Mahoney knocked Collins over the same hospital bed tax that Allen is using as an issue against Anderson in the 12th District race.

“Doug doesn’t want us to remember his vote on the hospital bed tax that Grover Norquist panned,” Mahoney said.  “Doug doesn’t want us to remember his vote for the 30-year extension of the hotel/motel tax in Atlanta.  Doug doesn’t want us to remember his support of T-SPLOST, which now penalizes regions that voted against the ‘largest tax increase in Georgia history.’”

Bring back the CUC

Steve Oppenheimer, the Democrat running against PSC incumbent Chuck Eaton, has proposed bringing back the office of the Consumer Utility Counsel, a lawyer who once represented the interests of consumers when Georgia Power and Atlanta Gas Light requested rate increases.

The position of consumer utility counsel, which is authorized under state law, was eliminated several years ago when then-governor Sonny Perdue arbitrarily decided to cut off funding for the office. The position has remained unfunded ever since.

“The consumer utility counsel staff acted as an honest voice on the Public Service Commission — one that helped protect the people of Georgia,” Oppenheimer said in a campaign video.

“Four years ago we lost representation when the governor’s office eliminated the budget for the counsel,” Oppenheimer said. “Now, consumers lack protection, and we have paid more than $4 billion in rate increases since then.”

Comments on McKillip’s fall

Despite the support of House Speaker David Ralston and a huge advantage in fundraising, Rep. Doug McKillip (R-Athens) saw his political career come to an end in the Republican primary against Regina Quick.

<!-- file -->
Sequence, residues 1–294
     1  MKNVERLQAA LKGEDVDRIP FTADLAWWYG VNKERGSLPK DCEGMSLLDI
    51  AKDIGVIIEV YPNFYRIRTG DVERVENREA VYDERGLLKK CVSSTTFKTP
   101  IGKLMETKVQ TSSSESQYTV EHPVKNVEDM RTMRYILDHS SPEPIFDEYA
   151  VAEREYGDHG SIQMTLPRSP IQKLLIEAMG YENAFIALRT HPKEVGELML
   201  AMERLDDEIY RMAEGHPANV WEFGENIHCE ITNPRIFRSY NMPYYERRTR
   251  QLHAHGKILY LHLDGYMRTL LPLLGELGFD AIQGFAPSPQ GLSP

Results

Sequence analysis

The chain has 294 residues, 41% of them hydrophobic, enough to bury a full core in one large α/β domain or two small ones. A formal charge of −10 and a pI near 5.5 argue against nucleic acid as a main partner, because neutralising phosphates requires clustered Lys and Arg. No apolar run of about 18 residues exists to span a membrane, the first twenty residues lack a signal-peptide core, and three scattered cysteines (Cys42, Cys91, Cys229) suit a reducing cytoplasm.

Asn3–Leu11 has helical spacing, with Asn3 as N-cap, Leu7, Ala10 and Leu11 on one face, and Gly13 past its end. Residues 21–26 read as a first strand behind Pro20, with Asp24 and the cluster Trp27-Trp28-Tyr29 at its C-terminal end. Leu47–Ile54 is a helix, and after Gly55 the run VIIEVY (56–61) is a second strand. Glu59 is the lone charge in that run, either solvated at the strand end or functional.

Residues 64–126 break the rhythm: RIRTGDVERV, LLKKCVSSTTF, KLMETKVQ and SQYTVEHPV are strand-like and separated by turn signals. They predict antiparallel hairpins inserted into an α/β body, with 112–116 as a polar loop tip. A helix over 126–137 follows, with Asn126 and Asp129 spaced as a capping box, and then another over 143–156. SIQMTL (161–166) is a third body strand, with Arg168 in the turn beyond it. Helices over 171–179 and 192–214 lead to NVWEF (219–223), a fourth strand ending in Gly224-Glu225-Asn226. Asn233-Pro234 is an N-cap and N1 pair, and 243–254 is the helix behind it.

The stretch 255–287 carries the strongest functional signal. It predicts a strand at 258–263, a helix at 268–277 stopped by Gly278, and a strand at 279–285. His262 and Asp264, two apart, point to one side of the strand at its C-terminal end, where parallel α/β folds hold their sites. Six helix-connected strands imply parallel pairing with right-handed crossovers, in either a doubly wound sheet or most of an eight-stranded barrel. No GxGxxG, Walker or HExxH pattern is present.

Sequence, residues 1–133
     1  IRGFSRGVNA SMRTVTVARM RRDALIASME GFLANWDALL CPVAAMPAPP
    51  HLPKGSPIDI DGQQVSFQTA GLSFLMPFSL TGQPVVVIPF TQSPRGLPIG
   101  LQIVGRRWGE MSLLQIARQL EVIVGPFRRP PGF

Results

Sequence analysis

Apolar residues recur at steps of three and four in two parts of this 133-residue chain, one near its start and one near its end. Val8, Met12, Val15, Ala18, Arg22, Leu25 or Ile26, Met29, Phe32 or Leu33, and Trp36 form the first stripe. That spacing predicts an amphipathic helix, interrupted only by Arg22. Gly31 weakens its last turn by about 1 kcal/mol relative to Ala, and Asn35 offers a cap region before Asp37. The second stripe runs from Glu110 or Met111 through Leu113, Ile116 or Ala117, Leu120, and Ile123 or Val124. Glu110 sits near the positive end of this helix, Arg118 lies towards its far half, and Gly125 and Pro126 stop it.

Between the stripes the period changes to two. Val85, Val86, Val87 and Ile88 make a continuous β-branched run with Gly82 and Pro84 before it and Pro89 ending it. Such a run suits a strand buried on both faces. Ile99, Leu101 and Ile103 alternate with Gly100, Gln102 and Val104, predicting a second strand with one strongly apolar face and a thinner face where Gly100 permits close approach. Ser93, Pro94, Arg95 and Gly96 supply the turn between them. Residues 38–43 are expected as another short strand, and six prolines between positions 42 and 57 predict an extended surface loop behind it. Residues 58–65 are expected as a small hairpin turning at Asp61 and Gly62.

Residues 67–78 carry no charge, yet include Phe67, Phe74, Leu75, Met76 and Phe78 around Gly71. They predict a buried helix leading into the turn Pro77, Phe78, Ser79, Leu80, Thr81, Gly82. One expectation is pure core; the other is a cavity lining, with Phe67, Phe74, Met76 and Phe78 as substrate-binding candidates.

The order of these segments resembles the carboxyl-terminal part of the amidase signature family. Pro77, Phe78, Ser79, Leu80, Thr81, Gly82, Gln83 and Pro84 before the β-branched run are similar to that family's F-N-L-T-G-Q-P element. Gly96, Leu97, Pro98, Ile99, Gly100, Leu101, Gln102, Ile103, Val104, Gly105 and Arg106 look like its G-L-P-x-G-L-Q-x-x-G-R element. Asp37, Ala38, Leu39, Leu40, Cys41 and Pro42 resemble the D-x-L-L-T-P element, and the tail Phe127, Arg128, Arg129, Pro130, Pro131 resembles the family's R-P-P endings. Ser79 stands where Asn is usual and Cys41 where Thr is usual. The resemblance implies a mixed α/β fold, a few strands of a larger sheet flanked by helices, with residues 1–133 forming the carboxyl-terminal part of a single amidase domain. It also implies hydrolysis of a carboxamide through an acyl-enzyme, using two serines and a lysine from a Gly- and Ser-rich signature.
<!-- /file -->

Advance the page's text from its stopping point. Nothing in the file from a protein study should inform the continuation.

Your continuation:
Pete McCommons of the weekly publication Flagpole offered some thoughts on that shocking upset by Quick:

Doug couldn’t lose. If he had any weakness, it was the possibility that some voters might not trust his overnight conversion from liberal Democrat to conservative Republican. As it turned out, that proved to be his Achilles heel—that and the fact that a viable Republican candidate did run against him, a cantankerous fighter of a candidate who has paid her dues in the ACC Republican party.

The possibility of Quick’s entrance into the race put McKillip on the horns of a dilemma. He had to prove without a doubt that he was no longer the Obama Democrat that he was in 2010. Here’s where it became damned if you do, damned if you don’t for McKillip. In firing up the base in the boondocks, McKillip began to rub salt into the wounds he had inflicted on Athens Democrats. If Quick had been, say, a Jackson County commissioner, McKillip could have left Athens alone and gone for the rural vote. But Quick is an Athens Republican, and Athens has the lion’s share of the vote. McKillip also had to prove himself to the Speaker and the other legislators in Atlanta, who could raise the big money for his campaign.

So, McKillip set out to teach liberal Athens a lesson. He injected himself into our local commission-redistricting process, ultimately using the power of the Legislature to override our local committees, our mayor and commission and our charter. In the same legislative session, he got a signature abortion bill passed that seemed clearly aimed to please abortion fanatics while needlessly interfering with the decisions of doctors and mothers.

There’s the rub: the more McKillip tried to prove his conservative bona fides, the angrier Athenians got; not just Democrats, but Republicans, too, resented his meddling in our local government and didn’t trust his “more Republican than thou” stance.

In the end, many Democrats in District 117 did the unthinkable and voted in the Republican primary, made easier because there were no contested Democratic races in that district. They were the difference in a race made close by Athens Republicans’ overall rejection of McKillip.

© 2012 by The Georgia Report

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Tags: Chuck Eaton , Doug Collins , Doug McKillip , Lee Anderson , Martha Zoller , PSC , Regina Quick , Rick Allen , Steve Oppenheimer , Wright McLeod